This post was originally posted in the November 2020 issue of Mature Living.
As Veterans Day 2019 approached, Stu Vessey joined 120 Washington state veterans and chaperones for a weekend trip to Washington, D.C. He traveled with his daughter Susan from his home in suburban Seattle for a 21/2-day adventure, compliments of Puget Sound Honor Flight. This unique nonprofit organization exists to provide an all-expenses-paid trip to our nation’s war memorials for all veterans of World War II, the Korean War, and the Vietnam War.
It was a trip Stu savored with every ounce of his being. I know how this 90-year-old reacted because I was on the same trip. It was my privilege to be the chaperone for Zip Zuther, a resident at the retirement home where I serve as chaplain.
As we waited to be welcomed aboard the flight, Zip recognized Stu in the boarding area of Sea-Tac Airport. He told me they had both volunteered at the Fred Hutchinson Cancer Research Center as retirees years before. Zip wanted me to meet his good friend.
As I reached out to shake Stu’s hand, he looked at my nametag. “I know who you are,” he said with a smile. “You write articles for Mature Living. In fact, you have preached at our church where my son-in-law is the pastor.”
When I picked myself up off the floor, I engaged Stu in conversation. I asked him what military branch he’d served in. “Air Force,” he replied. “But that’s the short answer. My story is a bit more complicated than that.”
Stu began to tell me about his most interesting life. He had been born in England to a British father and an American mother. In the fall of 1939, his innocent childhood was interrupted by the German bombing raids of London. Because food was scarce and lives were at risk, Stu’s parents made the difficult decision to split up the family. At the age of 11, Stu was separated from his mom and dad and two brothers. Sadly, the whole family would never be united again.
Stu’s allegiance to America was second only to his loyalty to his heavenly Father.
When Stu was 14, he convinced a Royal Naval officer to sign that he was older and enlisted in the British Royal Naval Cadets. Come June 6, 1944, Stu was one of the 156,000 Allied troops who landed on the beaches of Normandy. “What I witnessed on that bloody beach was unimaginable,” Stu confessed. “Seventy-six years have not erased that horrific memory.”
The Honor Flight weekend had not even begun, and my patriotic heart was already beating double time by my new friend’s account. I could hardly believe what I was hearing. Noticing my amazement, Stu added, “Most people don’t realize that of the 16 million who served in World War II, over 6,000 were 14-to 17-year-olds.”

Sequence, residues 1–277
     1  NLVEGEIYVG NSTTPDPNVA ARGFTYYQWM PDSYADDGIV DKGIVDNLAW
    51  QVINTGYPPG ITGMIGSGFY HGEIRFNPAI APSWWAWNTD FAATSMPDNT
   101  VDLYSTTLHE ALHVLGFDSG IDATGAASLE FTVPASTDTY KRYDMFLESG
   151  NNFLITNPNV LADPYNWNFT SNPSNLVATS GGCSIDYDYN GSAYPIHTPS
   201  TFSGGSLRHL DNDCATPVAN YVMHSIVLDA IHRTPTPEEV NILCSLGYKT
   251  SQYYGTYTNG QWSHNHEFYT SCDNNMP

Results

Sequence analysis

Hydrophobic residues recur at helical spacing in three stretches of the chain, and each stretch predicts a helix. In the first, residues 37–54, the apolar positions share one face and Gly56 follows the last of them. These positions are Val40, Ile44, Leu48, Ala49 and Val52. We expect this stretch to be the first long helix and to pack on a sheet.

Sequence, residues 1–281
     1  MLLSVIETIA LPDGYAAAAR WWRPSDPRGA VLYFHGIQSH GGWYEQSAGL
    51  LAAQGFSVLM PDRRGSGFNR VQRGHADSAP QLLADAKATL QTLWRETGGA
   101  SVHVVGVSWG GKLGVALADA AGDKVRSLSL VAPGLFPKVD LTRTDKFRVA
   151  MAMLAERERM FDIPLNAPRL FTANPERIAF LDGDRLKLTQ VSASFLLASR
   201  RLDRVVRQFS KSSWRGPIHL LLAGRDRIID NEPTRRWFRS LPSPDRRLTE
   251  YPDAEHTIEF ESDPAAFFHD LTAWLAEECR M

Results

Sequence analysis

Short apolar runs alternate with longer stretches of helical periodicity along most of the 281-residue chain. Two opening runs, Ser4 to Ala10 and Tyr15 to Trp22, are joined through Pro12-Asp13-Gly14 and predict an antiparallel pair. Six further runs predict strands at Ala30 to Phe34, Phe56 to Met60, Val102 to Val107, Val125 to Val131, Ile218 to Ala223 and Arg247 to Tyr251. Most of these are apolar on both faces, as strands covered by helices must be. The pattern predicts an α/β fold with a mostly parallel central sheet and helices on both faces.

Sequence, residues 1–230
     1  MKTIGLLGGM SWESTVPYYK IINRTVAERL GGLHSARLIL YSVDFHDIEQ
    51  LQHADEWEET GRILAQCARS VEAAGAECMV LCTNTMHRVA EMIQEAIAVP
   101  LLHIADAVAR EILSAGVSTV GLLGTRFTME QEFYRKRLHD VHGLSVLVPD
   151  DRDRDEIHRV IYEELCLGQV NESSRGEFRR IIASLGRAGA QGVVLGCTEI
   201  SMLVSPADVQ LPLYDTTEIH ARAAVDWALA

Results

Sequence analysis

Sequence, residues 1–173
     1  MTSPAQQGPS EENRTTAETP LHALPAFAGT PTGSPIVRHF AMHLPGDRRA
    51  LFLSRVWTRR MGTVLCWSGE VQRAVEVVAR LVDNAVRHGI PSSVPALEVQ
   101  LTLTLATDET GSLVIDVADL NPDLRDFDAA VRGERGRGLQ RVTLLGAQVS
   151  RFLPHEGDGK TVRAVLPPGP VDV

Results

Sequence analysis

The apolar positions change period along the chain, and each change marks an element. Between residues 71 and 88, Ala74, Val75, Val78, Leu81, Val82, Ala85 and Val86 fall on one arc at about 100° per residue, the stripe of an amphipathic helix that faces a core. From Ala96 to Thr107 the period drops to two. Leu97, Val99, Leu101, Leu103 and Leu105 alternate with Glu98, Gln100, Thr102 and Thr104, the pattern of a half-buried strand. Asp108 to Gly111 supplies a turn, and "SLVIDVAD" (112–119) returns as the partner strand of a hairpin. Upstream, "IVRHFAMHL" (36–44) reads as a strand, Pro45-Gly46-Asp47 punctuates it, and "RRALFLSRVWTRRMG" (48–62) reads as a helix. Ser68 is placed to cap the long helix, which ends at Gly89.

Following the war, Stu immigrated to Canada where, as a 17-year-old, he responded to an invitation to attend an evangelical church. Several months later, he was able to move to Texas where his mother and a brother had settled. While in Texas, he heard the gospel again, and two years later he accepted Christ. It was in the Lone Star State where Stu met the woman who would be the love of his life for the next 53 years. He later joined the Texas National Guard.
When the Korean War began, President Truman signed a bill that decreed resident aliens could be drafted. To prevent that possibility, Stu joined the Air Force so he and his wife could hopefully be together wherever he was stationed. That post ended up being in France. Stu’s allegiance to America was second only to his loyalty to his heavenly Father.
Returning to the States following his discharge, Stu went to work for Boeing and the Saturn space program, eventually settling in Seattle. Along the way, he joined the Gideons International.
“Placing God’s Word in schools, hospitals, prisons, and hotel rooms was deeply satisfying to me,” Stu admits. “It’s a reminder to me that I am still part of the Lord’s army fighting for the ultimate freedom a person can experience.”
Knowing Stu’s love of God and country, it came as no surprise that he had packed Gideon New Testaments to give to fellow veterans over the course of a weekend neither of us will ever forget.
About the author:
GREG ASIMAKOUPOULOS is the chaplain of Covenant Shores Retirement Community in Mercer Island, Washington. He is the author of 10 books, including Finding God in It’s a Wonderful Life published by eChristian.